With a plethora of CRM’s in the marketplace, how can an SMB choose one...
As a small- to medium-sized business (SMB) owner, what does contact management and customer relationship management (CRM) truly mean to you?
Naturally, one of the first (and justifiable!) reasons why, as an SMB, you want to acquire a CRM solution is to regain control over (read: centralize and cleanse) all the contact information that is fragmented throughout your entire organization, be it in different departments and software, spreadsheets or email programs.
However, with today’s competitive environment and discerning customers, you can no longer afford to use a CRM just to store contacts. If so, you are simply investing in another contact management (CM) productivity tool, which basically allows you to upload and update contacts, accounts and history in a central repository.
For complete sales, marketing and customer support outreach and management, CM tools are far from ideal. The reason? For any other commercialization initiative outside of contact management, you will need to invest in other applications, such as email marketing products, sales management software and marketing automation solutions, and more, which further increases acquisition costs and operational expenditures. Each solution has its own architecture, complicating integration and user onboarding.
In addition, connecting with a bevy of apps can cause syncing issues and duplicate data. This can lead to a disorganized contact database at best.
Furthermore, adopting a multi-solution approach complicates the integration within your existing infrastructure and operations. Ensuring optimal maintenance and use also saps up a lot of time. After all, you are time-strapped and lack enough resources as it is to have to juggle multiple solutions, multiple use case scenarios, and multiple siloed processes.
On the other hand, there are several advantages to acquiring an all-in-one CRM solution.
First, a comprehensive CRM solution allows you to manage the entire customer relationship spectrum (or sales funnel)—from initial outreach to acquisition to post-sale follow-ups. That means a good CRM will offer features for:
These types of features will go a long way to accelerating the time it takes to acquire new leads, transform them into opportunities, and convert them into sales.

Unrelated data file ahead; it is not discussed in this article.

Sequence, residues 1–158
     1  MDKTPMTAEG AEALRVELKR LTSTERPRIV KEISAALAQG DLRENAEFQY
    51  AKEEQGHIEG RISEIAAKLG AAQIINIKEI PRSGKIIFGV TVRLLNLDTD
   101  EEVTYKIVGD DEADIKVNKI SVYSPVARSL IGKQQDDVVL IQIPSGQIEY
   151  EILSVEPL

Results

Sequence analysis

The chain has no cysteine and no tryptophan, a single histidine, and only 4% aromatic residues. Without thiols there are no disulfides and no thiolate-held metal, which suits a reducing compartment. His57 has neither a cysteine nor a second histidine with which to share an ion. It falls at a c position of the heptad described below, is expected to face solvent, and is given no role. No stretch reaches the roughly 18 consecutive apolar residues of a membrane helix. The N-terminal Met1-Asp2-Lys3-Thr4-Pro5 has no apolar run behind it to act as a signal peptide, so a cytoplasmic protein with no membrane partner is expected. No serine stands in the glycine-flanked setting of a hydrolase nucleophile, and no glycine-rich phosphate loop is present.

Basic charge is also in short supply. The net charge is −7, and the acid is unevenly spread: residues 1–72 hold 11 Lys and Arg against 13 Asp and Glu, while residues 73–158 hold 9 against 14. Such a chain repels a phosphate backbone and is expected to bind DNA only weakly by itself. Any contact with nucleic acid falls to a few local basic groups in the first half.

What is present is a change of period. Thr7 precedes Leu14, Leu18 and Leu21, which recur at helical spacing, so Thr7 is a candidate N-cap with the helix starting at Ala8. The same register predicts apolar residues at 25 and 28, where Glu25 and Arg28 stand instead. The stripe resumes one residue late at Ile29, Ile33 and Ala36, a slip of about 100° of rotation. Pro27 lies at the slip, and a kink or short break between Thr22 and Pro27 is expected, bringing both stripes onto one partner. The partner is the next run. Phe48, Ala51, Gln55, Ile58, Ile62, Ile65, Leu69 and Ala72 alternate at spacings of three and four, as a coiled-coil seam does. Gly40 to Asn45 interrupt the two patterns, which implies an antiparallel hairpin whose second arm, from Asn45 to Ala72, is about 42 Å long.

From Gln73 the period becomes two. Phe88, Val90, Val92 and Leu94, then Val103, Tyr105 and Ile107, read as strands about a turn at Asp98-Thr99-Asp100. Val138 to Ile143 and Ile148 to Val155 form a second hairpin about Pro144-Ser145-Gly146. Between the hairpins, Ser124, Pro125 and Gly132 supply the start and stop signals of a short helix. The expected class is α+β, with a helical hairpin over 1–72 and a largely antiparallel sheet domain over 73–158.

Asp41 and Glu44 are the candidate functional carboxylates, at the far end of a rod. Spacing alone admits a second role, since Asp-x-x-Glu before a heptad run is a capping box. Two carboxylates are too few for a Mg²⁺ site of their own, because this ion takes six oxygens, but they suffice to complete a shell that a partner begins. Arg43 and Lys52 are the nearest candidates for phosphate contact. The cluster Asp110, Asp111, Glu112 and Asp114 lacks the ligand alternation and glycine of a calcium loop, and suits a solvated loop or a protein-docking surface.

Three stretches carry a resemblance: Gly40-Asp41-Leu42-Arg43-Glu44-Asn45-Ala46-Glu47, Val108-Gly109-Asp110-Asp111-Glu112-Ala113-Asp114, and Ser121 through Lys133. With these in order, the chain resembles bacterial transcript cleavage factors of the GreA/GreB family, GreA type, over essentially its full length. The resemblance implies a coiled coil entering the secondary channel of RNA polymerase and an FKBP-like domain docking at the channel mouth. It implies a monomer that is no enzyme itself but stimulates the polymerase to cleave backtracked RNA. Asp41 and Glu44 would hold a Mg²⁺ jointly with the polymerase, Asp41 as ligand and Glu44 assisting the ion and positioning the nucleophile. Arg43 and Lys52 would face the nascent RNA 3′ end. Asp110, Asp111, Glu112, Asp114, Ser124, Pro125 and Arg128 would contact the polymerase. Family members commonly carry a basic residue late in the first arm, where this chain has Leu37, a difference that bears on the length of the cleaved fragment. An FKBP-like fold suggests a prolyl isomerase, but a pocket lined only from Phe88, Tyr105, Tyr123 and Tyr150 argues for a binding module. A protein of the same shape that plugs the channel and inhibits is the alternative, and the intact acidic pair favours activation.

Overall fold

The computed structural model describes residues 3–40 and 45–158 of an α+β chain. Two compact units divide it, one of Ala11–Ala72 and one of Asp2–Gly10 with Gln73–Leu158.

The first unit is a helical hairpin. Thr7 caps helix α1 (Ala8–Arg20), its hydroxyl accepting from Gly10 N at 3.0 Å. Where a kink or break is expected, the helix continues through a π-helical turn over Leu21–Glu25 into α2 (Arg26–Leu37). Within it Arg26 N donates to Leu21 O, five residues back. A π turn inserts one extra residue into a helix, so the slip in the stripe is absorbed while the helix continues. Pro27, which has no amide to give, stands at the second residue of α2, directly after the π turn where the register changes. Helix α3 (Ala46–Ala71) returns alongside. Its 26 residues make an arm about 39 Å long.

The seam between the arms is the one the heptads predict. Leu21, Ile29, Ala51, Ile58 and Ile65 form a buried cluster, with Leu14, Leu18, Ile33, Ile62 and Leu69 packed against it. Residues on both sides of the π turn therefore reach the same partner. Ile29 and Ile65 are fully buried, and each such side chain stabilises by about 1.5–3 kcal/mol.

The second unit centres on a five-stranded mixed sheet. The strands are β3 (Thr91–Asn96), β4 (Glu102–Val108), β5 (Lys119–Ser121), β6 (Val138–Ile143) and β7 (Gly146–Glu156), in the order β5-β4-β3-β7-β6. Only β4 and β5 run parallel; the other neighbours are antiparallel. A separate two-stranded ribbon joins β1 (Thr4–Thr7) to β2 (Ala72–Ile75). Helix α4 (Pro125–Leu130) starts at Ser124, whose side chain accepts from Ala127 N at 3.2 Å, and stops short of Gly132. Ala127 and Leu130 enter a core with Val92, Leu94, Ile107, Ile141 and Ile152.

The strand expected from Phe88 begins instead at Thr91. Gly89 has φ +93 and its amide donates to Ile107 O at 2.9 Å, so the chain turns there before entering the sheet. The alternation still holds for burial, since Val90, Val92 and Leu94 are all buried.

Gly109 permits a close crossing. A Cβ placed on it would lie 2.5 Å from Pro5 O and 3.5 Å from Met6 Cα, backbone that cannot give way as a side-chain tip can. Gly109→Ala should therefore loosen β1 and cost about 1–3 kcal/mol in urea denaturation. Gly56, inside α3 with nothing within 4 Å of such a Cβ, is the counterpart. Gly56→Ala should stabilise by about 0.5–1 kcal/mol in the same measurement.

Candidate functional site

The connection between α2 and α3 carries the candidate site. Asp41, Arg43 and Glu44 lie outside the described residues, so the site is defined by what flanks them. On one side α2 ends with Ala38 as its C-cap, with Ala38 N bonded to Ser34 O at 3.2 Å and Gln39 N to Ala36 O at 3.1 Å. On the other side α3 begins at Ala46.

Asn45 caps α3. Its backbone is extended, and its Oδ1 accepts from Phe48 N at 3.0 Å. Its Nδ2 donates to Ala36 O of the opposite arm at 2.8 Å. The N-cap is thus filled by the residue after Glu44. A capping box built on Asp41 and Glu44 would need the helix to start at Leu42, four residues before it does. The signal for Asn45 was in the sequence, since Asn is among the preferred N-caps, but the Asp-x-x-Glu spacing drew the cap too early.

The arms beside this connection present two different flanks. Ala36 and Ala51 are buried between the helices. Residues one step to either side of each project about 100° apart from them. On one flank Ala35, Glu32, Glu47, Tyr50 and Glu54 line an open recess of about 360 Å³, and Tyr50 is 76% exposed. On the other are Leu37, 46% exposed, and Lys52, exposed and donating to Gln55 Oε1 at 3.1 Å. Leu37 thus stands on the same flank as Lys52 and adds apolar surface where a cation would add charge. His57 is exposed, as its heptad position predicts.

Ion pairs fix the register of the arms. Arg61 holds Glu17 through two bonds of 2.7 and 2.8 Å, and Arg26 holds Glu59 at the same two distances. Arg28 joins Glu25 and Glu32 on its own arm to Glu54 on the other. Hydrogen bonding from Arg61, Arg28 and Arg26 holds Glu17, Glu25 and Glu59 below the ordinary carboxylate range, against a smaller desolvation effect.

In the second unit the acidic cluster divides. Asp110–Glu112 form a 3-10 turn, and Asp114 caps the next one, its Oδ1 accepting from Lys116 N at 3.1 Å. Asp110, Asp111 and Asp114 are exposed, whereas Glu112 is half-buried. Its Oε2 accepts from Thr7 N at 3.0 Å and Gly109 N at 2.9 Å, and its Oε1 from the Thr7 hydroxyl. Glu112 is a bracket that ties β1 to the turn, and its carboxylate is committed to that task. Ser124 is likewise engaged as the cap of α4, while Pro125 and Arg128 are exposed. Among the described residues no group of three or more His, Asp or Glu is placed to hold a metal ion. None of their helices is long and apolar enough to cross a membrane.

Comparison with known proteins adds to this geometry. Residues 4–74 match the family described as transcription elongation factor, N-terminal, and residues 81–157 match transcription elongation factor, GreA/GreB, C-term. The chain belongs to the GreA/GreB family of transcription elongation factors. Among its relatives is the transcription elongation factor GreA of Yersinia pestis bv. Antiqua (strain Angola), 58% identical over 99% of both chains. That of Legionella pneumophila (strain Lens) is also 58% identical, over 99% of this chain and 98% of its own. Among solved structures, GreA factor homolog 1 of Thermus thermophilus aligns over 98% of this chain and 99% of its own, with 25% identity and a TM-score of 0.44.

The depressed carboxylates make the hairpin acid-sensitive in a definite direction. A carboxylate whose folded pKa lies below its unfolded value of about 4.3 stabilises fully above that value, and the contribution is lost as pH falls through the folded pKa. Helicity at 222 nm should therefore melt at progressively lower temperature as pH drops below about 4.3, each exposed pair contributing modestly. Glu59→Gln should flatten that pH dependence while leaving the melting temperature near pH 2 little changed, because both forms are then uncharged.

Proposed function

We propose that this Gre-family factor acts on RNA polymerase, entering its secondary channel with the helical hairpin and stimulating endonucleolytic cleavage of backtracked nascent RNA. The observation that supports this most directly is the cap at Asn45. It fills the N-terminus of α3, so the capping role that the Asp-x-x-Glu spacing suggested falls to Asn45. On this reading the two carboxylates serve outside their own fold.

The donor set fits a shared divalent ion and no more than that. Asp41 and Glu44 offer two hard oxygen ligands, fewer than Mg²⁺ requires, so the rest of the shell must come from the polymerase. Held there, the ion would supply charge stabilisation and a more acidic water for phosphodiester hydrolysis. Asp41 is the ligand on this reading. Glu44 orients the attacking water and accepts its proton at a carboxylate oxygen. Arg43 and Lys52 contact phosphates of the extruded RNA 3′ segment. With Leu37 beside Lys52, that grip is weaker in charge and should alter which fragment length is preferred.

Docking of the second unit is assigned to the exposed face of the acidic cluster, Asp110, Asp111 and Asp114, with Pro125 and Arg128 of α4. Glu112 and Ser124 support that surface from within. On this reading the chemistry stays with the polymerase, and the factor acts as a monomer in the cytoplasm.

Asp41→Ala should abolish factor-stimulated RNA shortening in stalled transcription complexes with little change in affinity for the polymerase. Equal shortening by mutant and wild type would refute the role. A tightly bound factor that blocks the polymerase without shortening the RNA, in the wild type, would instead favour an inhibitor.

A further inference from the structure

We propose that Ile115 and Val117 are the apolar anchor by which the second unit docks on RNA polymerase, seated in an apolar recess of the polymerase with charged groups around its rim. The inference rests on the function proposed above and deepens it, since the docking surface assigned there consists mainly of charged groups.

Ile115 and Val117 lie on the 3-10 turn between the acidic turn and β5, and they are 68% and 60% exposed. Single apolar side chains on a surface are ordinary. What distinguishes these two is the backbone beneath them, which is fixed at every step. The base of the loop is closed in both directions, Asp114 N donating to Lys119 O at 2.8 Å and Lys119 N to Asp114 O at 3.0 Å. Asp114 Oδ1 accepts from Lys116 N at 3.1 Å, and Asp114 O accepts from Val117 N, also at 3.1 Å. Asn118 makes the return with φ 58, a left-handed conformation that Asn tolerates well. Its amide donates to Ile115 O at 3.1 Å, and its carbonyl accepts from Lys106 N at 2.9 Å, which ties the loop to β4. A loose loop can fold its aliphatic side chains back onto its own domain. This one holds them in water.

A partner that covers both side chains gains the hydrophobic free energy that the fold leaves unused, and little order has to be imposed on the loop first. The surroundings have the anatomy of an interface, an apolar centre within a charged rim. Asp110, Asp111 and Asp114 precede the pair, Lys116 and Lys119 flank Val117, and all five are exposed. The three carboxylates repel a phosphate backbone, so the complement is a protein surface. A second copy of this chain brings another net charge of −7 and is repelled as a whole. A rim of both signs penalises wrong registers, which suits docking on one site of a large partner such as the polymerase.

Second, as opposed to a CM tool, a CRM enables you to standardize the customer relationship management process throughout your sales, marketing and customer service teams.
Let’s face it, nothing is worse than wasting time ping ponging between departments and relying solely on someone’s memory or shoddy note-taking to find out where a deal is landed or if a lead finally signed that important sales contract.
With various user access levels and permissions, team members can manage, analyze and automate processes as customers move through the sales cycle. In other words, your entire team is onboard to actually manage customer relationships. Moreover, multi-level permissions enable you to better manage commissions between sales reps and telemarketing personnel, by properly identifying who is the owner of a particular sale, contact or account.
In addition, with easy access to critical information, you can mobilize your team to consistently track the KPIs that are right for your business as well as gain insight into important analytics, such as a promotional campaign’s performance or website traffic for faster decision making. Contrary to simple contact management, a CRM brings teams together to grow your customer base and market share.
Third, connected to your accounting software, like QuickBooks or Sage One, a CRM be exceptionally useful from an operational and numbers standpoint.
With such an integration, you can avoid duplicate (and again, siloed) contact entries by synchronizing information from your accounting software to your CRM, and vice versa. You can view invoices, estimates, quotes and other notes seamlessly from one application to the other too.
A CRM integrated with your accounting software can also slash approval times in half, simply by streamlining communications between your sales reps and accountant who needs to approve a quote before it gets into the hands of a potential customer.
And don’t underestimate the power of a CRM-accounting software integration on more accurate forecasting. Plugging numbers only in a CRM means that sales reps can, shall we say, be overly optimistic about an opportunity and beef up its numbers, lead qualification %, and % closing probability. However, a CRM connected to your accounting software means that revenue numbers will be analyzed by the numbers people! With the eagle eyes of your accounting team, you can ensure that your sales team will be more incited to enter more realistic forecasts and targets.
Integrating a CRM with your accounting software also allows management to better balance sales projections throughout the year and proactively plan for required inventory levels and availability of service personnel.
As an SMB, investing in a CM tool is fine—but leveraging the full potential of an all-in-one CRM solution is even better!